Feb 2 2016
For corrupt judges who have for long desecrated the temple of justice and gone unpunished, the time is up, given a recent pronouncement by the Federal Government. They will now go to jail. This is a good development. Nigerians have been lamenting without end the racketeering in the dispensation of justice, for which the Bench has considerably lost its awe.
The Attorney General and Minister of Justice, Abubakar Malami, who stated this in Lagos at a public lecture entitled: “Go home and sin no more: Corrupt Judges escaping justice in Nigeria,” emphasised that the practice of just retiring corrupt judges was over under President Muhammadu Buhari’s administration. They will not only be tried and convicted, but their assets would be forfeited to the government. The AGF said, “I am reiterating that the fight against corruption shall be total and will not exclude judicial officers, who are found wanting. After all, it is beyond doubt that a corrupt judge cannot meaningfully contribute to the fight against corruption.” We cannot agree more.
Indeed, that the judiciary is at cross purposes with the Executive in dealing with this conundrum resonated in Addis Ababa, Ethiopia, on Sunday, when the President held a town hall meeting with Nigerians living there. He also said, “On the fight against corruption vis-à-vis the judiciary, Nigerians will be right to say that is my main headache for now.” The President is right.
It is fascinating that the evidence that the Bench is drenched in corruption is widespread. Kayode Eso, a former justice of the Supreme Court, before he died, raised the alarm that “billionaire judges” were rampant; while a former President of the Court of Appeal, Ayo Salami, drew our collective attention to the ignoble role of retired senior justices acting as conduits of bribes to judges, on behalf of litigants seeking to pervert the course of justice. And the weight of it is crushing. The Chief Justice of Nigeria, Mahmud Mohammed, disclosed through John Fabiyi, a Justice of the Supreme Court, at an event last year that 64 judges “were disciplined as appropriate,” between 2009 and 2014. By this he meant those given a slap on the wrist by easing them out of office. Such action is devoid of any deterrent. And it explains why the Bench has remained the weakest link in the anti-corruption chain.
Before Mariam Aloma-Mukhtar bowed out of office as the CJN in November 2014, she also painted a disturbing picture of this mess. While she inherited 139 petitions against corrupt judges, some fresh 198 cases were filed during her 28-month tenure, out of which 33 were considered worthy of attention. She said, “15 are awaiting responses from judges” as of November 2014. The incumbent may have received fresh petitions.
These damning accounts cohere with the reservations some senior members of the Bar periodically express about the misconduct of judges. For instance, a former President of the Nigerian Bar Association, Joseph Daudu, a Senior Advocate of Nigeria, once said, “There is a growing perception backed by empirical evidence that justice is purchasable, and it has been purchased on several occasions in Nigeria.”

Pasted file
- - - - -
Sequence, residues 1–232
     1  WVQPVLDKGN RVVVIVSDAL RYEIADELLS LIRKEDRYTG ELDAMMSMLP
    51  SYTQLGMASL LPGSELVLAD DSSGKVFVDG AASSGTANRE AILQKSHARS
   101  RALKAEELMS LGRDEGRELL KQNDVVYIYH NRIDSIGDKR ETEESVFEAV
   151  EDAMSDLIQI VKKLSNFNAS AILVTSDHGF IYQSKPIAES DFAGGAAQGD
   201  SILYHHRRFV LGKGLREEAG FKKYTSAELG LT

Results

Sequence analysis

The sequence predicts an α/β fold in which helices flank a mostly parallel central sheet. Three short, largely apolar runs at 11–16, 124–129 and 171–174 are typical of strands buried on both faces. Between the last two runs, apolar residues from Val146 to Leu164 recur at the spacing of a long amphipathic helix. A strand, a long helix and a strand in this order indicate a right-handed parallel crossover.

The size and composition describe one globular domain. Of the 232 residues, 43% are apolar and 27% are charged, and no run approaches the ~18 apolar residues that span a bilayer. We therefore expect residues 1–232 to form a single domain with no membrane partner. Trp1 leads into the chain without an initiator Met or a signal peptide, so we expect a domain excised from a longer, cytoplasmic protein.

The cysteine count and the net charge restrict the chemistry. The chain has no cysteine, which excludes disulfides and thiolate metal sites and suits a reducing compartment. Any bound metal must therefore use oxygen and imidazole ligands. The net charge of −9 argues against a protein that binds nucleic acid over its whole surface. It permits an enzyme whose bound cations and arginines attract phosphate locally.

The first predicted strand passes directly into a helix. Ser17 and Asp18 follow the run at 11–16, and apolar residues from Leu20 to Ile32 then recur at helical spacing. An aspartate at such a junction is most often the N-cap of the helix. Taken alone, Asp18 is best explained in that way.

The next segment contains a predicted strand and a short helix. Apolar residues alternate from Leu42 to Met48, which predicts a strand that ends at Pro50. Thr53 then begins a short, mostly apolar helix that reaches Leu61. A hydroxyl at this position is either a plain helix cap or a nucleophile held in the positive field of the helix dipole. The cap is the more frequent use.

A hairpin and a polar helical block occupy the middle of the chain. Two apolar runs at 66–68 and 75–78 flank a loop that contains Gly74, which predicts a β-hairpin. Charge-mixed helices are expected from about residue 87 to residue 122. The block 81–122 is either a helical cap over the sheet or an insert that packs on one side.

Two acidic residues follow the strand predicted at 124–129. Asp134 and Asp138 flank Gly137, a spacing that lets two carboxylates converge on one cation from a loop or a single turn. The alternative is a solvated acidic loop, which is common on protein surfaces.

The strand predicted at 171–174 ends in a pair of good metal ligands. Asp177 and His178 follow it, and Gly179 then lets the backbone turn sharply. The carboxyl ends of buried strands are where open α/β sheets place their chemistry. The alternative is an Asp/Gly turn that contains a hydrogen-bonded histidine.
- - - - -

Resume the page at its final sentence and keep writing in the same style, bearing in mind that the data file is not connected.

Some judges were found wanting in the adjudication of election petitions in 2003 and 2007, but were merely dismissed. We have also seen judges abuse interlocutory injunctions, give plaintiffs relief they did not seek, or give judgements totally incongruent with the law. Now, litigants, aided by their counsel, shop for crooked judges to buy justice before filing their cases. These aberrations have lowered the magisterial aura judges once radiated and it questions the integrity of our justice delivery system.
Apparently, Nigeria found itself at the crossroads today simply because of the hypocritical attitude of our judicial authorities, especially the National Judicial Council, the apex disciplinary body chaired by the CJN, which has been remiss in pushing for corrupt judges’ prosecution the way it is done in civilised jurisdictions. What is more, the corrupt executive arms of government we have had until recently were morally atrophied to go after tainted judges, conscious of the fact that they are co-travellers.
The NJC should, therefore, take its cue from the practice in Italy, the United States and other countries. In Italy, 16 judges were arrested in Naples in 2012, accused of collecting money to give favourable judgements to drug syndicates. Giancarlo Giusti was sent to jail for four years the same year for accepting luxury hotel accommodation, flight tickets, among other benefits, from a mafia group, just as Antonio Di Pietro was marched to prison for corruption in 1992. In the US, Mark Ciavarella Jnr, a judge, was jailed for 28 years for demanding a kick-back. Besides, he was ordered to pay $1.2 million in restitution.
No doubt, some bad eggs are still in the system. Dealing with petitions against judges that are pending before the NJC should be fast-tracked so that those found culpable could be used to demonstrate that all citizens are indeed equal before the law. This is the hallmark of modern societies. Action is urgently needed. The AGF’s envisaged clean-up of the Bench should be total. Some lawyers routinely play key roles in corrupting judges. If caught, they should be prosecuted. By and large, a corruption-free judiciary is a collective responsibility. That is why it is critical that all Nigerians should see it as a national duty by forwarding credible petitions to the NJC against any corrupt judge.